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Old 27th of October 2003 (Mon)   #5
PrimoFelis
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Join Date: Oct 2003
Posts: 41
Default Re: Extension Tube Math?

Quote:
Littlebike wrote:
Is there any formula for extension tubes?

i.e. a 12mm extension tube connected to a lens with a minimum focusing distance of 8' will reduce the focusing distance to x.
Hi Littlebike,

Okay, let me take a crack at this too, although it is going to get a bit long.

But first, let me say that I'm not sure if doing the math is always the best way to obtain an accurate or useful answer to your question, for a couple of reasons I am going to mention below. Might I suggest holding a lens of your interest a distance away from the camera's lens mount while looking through the view finder? (Then you can make measurments of your interest?)

But anyway, I aim to please and so I will give the math a try.

---

First, a short quote from John Shaw's excellent book "Closeups in Nature" (ISBN 0-8174-4052-6), that gives a basic formula on the use of extension tubes in macro photography:

Quote:
John Shaw writes::
The total amount of extension you need in order to get to any given magnification depends on the focal length of the lens you are using. Notice that I say "total" extension; it does not matter how you gain the extension -- some could be added by using extension tubes, some could be in the focusing mount of the lens -- since the entire amount being used is what is important. A basic formula gives approximate magnification rates:

Total extension used / Focal length used = Magnification

If you want to photograph at 1/2x with a 50mm lens, you can see that you need 25mm of total extension. But on a 100mm lens, the same 25mm total extension yields only 1/4x, and on a 200mm lens it yields 1/8x. Any given amount of extension yields less magnification when used with a longer focal-length lens.
Note that, by "1/2x," etc., he is talking about the magnification of image at the film/sensor plane. So, as an example, at 1/2x magnification and using an EOS 10D, you would be filling the viewfinder with an object of a size 45.4mm x 30.2mm (double the size of the CMOS sensor -- 22.7mm x 15.1mm -- used in 10D). Hope this part is clear.

How to use the formula

In order to use the above basic formula to derive the answer you are seeking, you need to know the amount of (effective) extension built into the lens of your interest.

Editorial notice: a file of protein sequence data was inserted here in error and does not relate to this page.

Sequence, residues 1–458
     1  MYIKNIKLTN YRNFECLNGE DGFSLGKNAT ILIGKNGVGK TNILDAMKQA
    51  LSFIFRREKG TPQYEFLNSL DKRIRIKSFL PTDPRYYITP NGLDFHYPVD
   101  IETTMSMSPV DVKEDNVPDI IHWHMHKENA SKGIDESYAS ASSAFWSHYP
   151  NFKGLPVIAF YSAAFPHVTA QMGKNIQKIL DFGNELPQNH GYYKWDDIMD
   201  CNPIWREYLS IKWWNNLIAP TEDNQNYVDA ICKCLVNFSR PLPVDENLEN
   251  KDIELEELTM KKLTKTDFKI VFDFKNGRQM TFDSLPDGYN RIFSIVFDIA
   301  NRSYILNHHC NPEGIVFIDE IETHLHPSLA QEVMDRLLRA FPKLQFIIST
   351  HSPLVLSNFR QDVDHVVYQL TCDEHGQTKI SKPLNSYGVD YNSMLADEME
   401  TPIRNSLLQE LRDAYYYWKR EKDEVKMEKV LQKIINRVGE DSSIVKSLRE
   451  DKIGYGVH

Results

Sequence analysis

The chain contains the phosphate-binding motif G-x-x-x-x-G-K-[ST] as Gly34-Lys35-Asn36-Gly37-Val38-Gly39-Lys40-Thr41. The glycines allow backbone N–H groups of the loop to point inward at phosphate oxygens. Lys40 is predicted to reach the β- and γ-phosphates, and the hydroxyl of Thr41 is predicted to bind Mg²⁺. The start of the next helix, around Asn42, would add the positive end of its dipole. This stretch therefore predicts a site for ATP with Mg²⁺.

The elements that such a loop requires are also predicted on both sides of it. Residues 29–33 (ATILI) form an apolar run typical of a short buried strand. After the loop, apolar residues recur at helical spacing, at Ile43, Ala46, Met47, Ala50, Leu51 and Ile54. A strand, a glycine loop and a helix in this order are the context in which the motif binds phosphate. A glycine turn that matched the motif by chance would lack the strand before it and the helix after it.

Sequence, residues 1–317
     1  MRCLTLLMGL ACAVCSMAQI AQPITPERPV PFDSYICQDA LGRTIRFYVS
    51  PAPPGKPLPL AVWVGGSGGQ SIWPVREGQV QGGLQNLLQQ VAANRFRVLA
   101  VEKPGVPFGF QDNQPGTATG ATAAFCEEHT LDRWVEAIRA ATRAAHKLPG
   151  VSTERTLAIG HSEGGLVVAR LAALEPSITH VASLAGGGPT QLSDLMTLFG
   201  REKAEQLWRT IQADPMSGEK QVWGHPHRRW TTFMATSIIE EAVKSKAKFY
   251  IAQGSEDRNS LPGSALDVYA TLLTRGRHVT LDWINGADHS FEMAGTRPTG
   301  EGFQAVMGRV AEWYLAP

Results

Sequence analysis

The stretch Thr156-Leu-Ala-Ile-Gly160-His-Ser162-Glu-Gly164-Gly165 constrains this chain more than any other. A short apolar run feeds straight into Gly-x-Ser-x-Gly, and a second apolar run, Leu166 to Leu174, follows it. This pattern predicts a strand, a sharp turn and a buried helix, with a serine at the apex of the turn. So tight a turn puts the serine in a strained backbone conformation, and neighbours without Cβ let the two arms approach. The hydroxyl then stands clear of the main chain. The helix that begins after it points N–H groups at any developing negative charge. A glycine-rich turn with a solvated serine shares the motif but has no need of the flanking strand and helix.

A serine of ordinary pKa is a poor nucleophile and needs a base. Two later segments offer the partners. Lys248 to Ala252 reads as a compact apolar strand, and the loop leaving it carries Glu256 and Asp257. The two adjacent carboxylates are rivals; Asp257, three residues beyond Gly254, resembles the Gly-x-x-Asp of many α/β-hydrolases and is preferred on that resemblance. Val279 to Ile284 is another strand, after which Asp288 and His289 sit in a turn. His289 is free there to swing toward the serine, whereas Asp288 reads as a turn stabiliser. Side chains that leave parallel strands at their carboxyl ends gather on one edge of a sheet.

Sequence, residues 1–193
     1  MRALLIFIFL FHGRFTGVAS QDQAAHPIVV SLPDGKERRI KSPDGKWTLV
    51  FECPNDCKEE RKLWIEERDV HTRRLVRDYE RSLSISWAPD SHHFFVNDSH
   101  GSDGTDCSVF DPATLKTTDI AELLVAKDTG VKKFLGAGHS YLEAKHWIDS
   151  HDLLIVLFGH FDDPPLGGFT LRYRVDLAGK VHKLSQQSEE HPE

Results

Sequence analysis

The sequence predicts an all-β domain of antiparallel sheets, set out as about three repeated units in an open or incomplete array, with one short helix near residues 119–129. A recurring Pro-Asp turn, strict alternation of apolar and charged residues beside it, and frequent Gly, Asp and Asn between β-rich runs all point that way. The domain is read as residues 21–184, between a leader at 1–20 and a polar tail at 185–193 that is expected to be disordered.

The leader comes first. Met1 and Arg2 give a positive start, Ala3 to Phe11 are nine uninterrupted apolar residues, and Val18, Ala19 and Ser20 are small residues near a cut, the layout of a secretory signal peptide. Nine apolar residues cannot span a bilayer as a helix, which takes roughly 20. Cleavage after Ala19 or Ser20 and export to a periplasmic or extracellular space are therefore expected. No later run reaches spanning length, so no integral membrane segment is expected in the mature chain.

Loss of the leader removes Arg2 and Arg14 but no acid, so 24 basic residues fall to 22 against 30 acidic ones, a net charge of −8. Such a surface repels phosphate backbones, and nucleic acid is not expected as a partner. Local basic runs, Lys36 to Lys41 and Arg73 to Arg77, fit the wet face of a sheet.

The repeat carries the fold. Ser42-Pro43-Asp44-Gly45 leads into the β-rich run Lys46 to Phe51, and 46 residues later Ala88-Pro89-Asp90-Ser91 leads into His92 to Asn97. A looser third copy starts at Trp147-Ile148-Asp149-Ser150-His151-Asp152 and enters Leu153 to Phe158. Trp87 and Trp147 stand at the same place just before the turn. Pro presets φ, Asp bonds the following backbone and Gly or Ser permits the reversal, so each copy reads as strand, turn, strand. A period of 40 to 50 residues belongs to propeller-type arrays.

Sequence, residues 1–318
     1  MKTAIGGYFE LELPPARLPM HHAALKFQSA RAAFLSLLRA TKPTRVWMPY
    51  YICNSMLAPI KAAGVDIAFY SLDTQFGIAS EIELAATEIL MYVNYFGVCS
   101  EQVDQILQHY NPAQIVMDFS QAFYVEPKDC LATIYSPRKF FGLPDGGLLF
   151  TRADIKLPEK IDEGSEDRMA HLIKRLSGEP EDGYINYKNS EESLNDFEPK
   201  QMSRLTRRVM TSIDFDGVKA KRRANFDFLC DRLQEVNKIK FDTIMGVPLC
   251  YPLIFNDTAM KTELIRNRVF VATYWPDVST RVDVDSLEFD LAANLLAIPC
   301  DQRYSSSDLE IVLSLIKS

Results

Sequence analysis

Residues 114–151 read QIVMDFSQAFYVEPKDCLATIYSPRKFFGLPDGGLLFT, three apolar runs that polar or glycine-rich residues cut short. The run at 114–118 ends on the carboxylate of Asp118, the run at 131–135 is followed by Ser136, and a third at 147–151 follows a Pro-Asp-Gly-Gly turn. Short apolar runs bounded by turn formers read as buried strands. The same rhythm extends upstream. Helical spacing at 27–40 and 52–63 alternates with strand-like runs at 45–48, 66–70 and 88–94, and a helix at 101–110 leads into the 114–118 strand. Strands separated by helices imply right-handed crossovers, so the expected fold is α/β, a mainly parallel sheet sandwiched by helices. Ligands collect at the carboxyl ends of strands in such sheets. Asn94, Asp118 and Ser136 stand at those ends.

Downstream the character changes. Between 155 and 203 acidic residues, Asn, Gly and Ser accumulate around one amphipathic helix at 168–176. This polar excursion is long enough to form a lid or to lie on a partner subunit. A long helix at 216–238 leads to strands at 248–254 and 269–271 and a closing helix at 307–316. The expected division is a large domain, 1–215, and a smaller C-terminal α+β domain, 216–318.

(I say "effective" because these days many lenses don't use a simple lens extension to achieve a close focus, instead rearranging position of lenses. This often produces a side effect of changing the actual focal length of the lens a bit -- even if it is a prime (i.e., non-zoom) lens -- introducing discrepancies between the theory and reality.)

Usually this "built-in extension" value is not part of a published lens spec.

However, you can derive this value using the lens' maximum image magnification value (or alternatively a minimum coverage area) and the lens' focal length, usually found in the lens spec. (How accurate these published values are remains a question. But let's not get too critical...)

Now, I will refer to such a chart from Canon...

Example: Step 1. Magnification

Let's pick EF50mm f/1.8 II. The table says the closest focus distance for this lens is 0.45 meters (= ~17.7 inches), and the maximam magnification is 0.15x. Using the above basic formula:

x / 50 = 0.15

Solving for x, the derived maximum built-in lens extension is: x = 50 * 0.15 = 7.5mm

If you add Canon's 12mm extension tube to this lens, you will achieve a maximum total extension of 7.5 + 12 = 19.5mm

Therefore, using a 12mm extension tube with EF50 1.8 II lens, you can obtain a maximum magnification of:

19.5 / 50 = 0.39

a magnification of 0.39x [Filling the frame with an object of actual size 58.2mm x 38.7mm]

Example: Step 2. Minimum focusing distance (a rough approximation)

[NOTE: The following was corrected and updated Nov. 7, '03]

To continue with the example and figure out new minimum focusing distance (MFD) from the new magnification, we need the help of a few additional formulas (found in any general physics book):

1) M = b/a
2) 1/a + 1/b = 1/f
3) MFD = a + b

where
M: Magnification
a: lens-to-subject distance
b: lens-to-film/sensor distance
f: focal length

[NOTE: for a and b above, the position of lens being referred to is that of a theoretical equivalent lens of single element, NOT of the actual camera lens which usually have multiple elements.]

So, given the new magnifcation of 0.39x and focal length of 50mm:

M = 0.39 = b/a
1/a + 1/b = 1/50

Solving for a and b, you get:

a=178.2mm
b=69.5mm
MFD = a + b = 247.7mm

That is to say, using EF50mm f/1.8 II lens with a 12mm extension tube, the minimum focus distance should be reduced from 0.45 meters to ~0.25 meters (17.7 inches to ~9.75 inches)

(Would anyone care to run a test to see if this calculated value matches the reality? I don't have an EF50mm 1.8II lens to test with.)

Anyway, I hope this kind of answers your original question...

--
PS. DISCLAIMER: Note that, as I originally stated at the very beginning of the post, there are a number of reasons why these simple formulas would not yield very accurate results. (Especailly the minimum focusing distance -- the formula for magnification should be more useful.) If what you are after is accuracy -- I recommend that you actually try it out and measure it. 8)
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